Missouri Income Shares Mo. Rev. Stat. § 452.340 Civil Procedure Form 14
Montana Melson Formula Admin. R. Mont. 37.62.101 et.seq.
Nebraska Income Shares Nebraska Court Rules §§ 4-201 to 4-220
Nevada Percentage of Obligor's Income Nev. Admin. Code 425 et seq.
New Hampshire Income Shares N.H. Rev. Stat. §§ 458-C:1 to -:7
New Jersey Income Shares N.J. Rules of Court, Rule 5:6A, Appendix IX
New Mexico Income Shares N.M. Stat. §§ 40-4-11.1 to -11.6
New York Income Shares N.Y. Dom. Rel. Law. § 240(1-b)
North Carolina Income Shares North Carolina Child Support Guidelines
North Dakota Percentage of Obligor's Income N.D. Admin. Code §§ 75-02-04.1-01 to13; 14.09.09.7
Ohio Income Shares Ohio Rev. Code §§ 3119.01 et seq.
Oklahoma Income Shares Okla. Stat. tit. 43, §§ 118 to 120
Oregon Income Shares Or. Admin. Reg. 137-50-320 to -490
Pennsylvania Income Shares Pa. R. Civ. Pro. 1910.16-1 to -5
Rhode Island Income Shares R.I. C.S.G. Administrative Order
South Carolina Income Shares S.C. Soc. Serv. Reg. 114-4710 to -4750
South Dakota Income Shares S.D. Codified Laws §§ 25-7-6.1 et seq.
Tennessee Income Shares Tenn. Comp. R. & Regs. Dep’t Human Services 1240-2-4-.01 to -.057
Texas Percentage of Obligor's Income Tex. Fam. Code §§ 154.001 et seq.
Utah Income Shares Utah Code §§ 78B-12 et seq.
Vermont Income Shares Vt. Stat. title 15, §§ 653-657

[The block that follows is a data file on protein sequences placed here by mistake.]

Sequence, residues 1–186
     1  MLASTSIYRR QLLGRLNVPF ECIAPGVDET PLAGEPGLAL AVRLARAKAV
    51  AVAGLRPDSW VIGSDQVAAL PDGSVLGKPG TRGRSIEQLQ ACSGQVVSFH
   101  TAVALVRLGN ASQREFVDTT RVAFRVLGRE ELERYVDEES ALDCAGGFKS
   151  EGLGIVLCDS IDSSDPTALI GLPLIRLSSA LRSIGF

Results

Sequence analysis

Virginia Income Shares Va. Code §§ 20-108.1, 20-108.2
Washington Income Shares Wash. Rev. Code §§ 26.19.001 et seq.
West Virginia Income Shares W. Va. Code Ann. §§ 48-13-101 to -803
Wisconsin Percentage of Obligor's Income Wis. Admin. Code DCF 150.01 to .05
Wyoming Income Shares Wyo. Stat. §§ 20-2-301 to -315

How to Calculate Child Support

Select your state and use its calculator to estimate the approximate amount of child support. All our calculators are based on the most recent states’ guidelines.

Remember that each from the 50 states has its own child support guidelines, which judges use to determine the exact amount of support paid by non-custodial or both parents. Each case is unique, so please, once again, remember that our child support calculators will help you to get an understanding of the amounts you may have to pay, but the Court will determine the exact payment.

When a couple is making their way through a divorce process, one of the biggest challenges is child support. Determining how much each parent will have to contribute towards the child’s care will give them a better idea of how their finances will look after the divorce has been settled. You will find that there is use for the child support calculator even after your divorce has been finalized. You could make calculations in case financial circumstances have changed.

Getting started with the calculator is fairly easy – you start by entering the relevant information where it should go. Once the form has been completed, you click on “Calculate”, and you will be given an estimated amount. This amount is what you could expect to pay in child support. The calculators are all created according to the latest child support guidelines. The guidelines are specific to each state. Just remember that the amounts are truly only rough estimates. They are not determinative and only give an idea of what should be expected to be paid.